By Paul G. Buchanan*
Opinion - The GCSB has today confirmed that New Zealand is not immune to a Chinese campaign of cyber theft around the globe, but what can the spy agency do about it? Paul G. Buchanan look at the issue.
The Government Security Communications Bureau (GCSB) has announced that Chinese hackers were responsible for cyber intrusions against New Zealand telecommunications firms who store data for individuals, public agencies and corporate entities.
This is surprising only because it confirms what experts have been claiming for some time: the Chinese are engaged in a global campaign of cyber theft of commercial secrets and intellectual property. It is part of a strategy to become the world's dominant information and telecommunications player within 50 years, and they do so by using ostensibly private firms as cover for hacking activities, directed by the Chinese Ministry of State Security (MSS).
The GCSB announcement coincided with indictment by the US Justice Department of two Chinese nationals who have been identified as belonging to the Advanced Persistent Threat (APT)-10 Group of MSS hackers operating under the cover of a Chinese-registered firm, Tianjing Huaying Haitai Science and Technology Development Company (Huaying Haitai).
Huaying Haitai claims to provide network security construction and product development services but has only two registered shareholders, one manager and no web presence (the domain name huayinghaitai.com is registered to the firm but cannot be found online, which is odd for an internet security provider).
The US has publicly identified Huaying Haitai as the corporate front for ATP-10, and the GCSB has confirmed that ATP-10 was responsible for the New Zealand-targeted cyber intrusions it has detected since early 2017.
The UK simultaneously announced that Chinese hackers had conducted a decade-long campaign of cyber-theft against British commercial entities, while the US identified 75 US-based targets as well as others in 12 other countries (excluding New Zealand).
The GCSB announcement is part of a coordinated effort by Western governments to identify Chinese-based cyber-theft campaigns, and follows similar Australian revelations announced during the 2018 APEC summit recently.
The ATP-10 cyber-hacking campaign violates the terms of a 2016 APEC agreement signed by China and New Zealand, which said member states could not use cyber hacking to engage in commercial espionage or intellectual property theft. It violates similar pacts signed with the US and UK in 2015.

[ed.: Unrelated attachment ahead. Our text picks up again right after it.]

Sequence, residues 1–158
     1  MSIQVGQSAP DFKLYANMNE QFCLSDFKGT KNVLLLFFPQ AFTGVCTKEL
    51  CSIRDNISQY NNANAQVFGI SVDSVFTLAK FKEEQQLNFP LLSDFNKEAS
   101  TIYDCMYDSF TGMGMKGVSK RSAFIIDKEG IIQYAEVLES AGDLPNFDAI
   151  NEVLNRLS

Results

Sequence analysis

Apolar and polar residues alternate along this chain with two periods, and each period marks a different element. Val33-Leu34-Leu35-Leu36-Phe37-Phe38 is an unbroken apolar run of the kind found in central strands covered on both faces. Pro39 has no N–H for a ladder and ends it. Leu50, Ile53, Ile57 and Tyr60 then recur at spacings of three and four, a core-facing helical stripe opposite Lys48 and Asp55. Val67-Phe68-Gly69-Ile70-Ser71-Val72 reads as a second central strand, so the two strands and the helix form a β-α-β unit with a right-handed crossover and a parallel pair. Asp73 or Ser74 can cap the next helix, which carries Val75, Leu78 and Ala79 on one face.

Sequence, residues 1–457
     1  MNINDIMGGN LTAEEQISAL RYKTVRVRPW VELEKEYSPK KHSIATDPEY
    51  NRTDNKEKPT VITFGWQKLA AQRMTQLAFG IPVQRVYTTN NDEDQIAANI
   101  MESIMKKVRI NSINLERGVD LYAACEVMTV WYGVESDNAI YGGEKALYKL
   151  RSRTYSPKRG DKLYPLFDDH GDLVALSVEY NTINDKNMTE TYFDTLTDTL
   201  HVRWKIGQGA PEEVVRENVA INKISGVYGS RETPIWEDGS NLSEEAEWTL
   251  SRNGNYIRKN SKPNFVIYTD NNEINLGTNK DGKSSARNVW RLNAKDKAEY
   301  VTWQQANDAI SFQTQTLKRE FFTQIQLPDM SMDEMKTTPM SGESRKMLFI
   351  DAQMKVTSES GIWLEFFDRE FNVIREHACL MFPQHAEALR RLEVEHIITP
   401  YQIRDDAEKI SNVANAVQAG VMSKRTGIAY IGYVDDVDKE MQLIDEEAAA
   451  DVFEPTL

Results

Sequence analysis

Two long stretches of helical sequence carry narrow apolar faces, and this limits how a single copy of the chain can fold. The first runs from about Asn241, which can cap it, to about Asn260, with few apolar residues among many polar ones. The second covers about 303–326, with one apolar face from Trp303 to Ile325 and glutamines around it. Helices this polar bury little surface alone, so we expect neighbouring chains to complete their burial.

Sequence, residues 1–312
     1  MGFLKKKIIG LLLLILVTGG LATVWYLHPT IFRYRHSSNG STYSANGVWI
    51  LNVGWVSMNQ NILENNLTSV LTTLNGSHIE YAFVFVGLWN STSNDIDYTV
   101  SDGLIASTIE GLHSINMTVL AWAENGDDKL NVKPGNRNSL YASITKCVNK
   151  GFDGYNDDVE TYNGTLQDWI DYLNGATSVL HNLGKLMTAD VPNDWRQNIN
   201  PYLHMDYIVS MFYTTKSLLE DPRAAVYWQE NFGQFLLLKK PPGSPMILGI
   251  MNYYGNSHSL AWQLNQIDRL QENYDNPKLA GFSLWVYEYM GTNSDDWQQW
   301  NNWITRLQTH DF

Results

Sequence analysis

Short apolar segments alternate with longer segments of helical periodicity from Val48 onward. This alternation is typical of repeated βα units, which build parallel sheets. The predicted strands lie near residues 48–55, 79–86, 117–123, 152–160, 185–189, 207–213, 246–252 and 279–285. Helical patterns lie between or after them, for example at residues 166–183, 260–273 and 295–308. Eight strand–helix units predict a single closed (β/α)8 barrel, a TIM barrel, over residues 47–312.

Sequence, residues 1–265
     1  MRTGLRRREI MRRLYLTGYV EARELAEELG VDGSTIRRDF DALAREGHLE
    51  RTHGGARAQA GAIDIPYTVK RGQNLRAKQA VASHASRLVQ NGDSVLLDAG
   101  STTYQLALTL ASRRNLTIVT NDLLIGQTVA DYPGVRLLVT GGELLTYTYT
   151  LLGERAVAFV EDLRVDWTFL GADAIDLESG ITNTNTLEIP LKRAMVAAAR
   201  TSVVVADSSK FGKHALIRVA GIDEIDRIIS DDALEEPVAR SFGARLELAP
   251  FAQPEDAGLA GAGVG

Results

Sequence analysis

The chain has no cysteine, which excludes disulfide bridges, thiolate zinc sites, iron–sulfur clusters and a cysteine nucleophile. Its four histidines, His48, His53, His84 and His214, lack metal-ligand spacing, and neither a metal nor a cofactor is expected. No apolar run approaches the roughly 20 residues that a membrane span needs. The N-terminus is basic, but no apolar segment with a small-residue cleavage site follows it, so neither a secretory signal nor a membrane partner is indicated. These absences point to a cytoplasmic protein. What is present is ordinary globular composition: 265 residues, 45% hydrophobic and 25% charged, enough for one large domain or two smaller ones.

This means that China is deliberately violating international agreements for commercial gain. It also makes all Chinese-based telecommunications suspect, both in terms of their purported use of "digital backdoors" built into their products, which could be used by Chinese intelligence. Chinese telecommunications are seen as bad corporate actors, as well as intelligence fronts by Western countries.
This has caused firms such as ZTE and Huawei to be excluded from critical infrastructure projects and 5G network upgrades in a number of countries, including New Zealand.
The GCSB announcement refers to Chinese hacking in pursuit of cyber theft of sensitive commercial and intellectual property. It does not mention specific targets or refer to cyber-espionage per se.
Yet the two are overlapped because of the nature of the targets and means by which they attacked. ATP-10 hacking attacks are aimed at managed service providers (MSPs), which responsible for providing phone, email and internet services and data banking to individual, public agency and corporate consumers. These include large multinational providers as well as smaller cloud-based data storage firms.
If ATP-10 and other hackers can penetrate the security defences of MSPs, they can potentially bulk collect, then data mine whatever is digitally stored in the targeted archives. Although the primary interest is commercial in nature, the overlapping nature of data networks, especially in a small country like New Zealand, potentially gives ATP-10 and similar hacking groups access to non-commercial political, diplomatic and military networks.
For example, a home computer or private phone that has been compromised by a cyber hack on a internet service provider can become, via the exchange of information between personal and work devices, an unwitting entry point to work networks in the private and public sectors that are not connected to the individual's ISP.
This raises the possibility of incidental or secondary data collection by hackers, which for state organized outfits like ATP-10 may be as useful as the commercial data being targeted in the first instance.
The dilemma posed by the GCSBs announcement is two-fold. First, will the government follow the GCSB lead and denounce the behaviour or will it downplay the severity of the international norms violations and intrusion on sovereignty that the ATP-10 hacking campaign represents? If it does, it sets up a possible diplomatic confrontation with the PRC. If it does not, it exposes a rift between the GCSB and the government when it comes to Chinese misbehaviour.
Neither scenario is welcome but one thing is certain: no response will stop Chinese cyber hacking because it is part of a long-term strategy aimed at achieving global information and telecommunications dominance within 50 years. But one response will certainly encourage it.
* Paul G. Buchanan is the Director of 36th Parallel Assessments ( www.36th-parallel.com) a geopolitical and strategic analysis consultancy.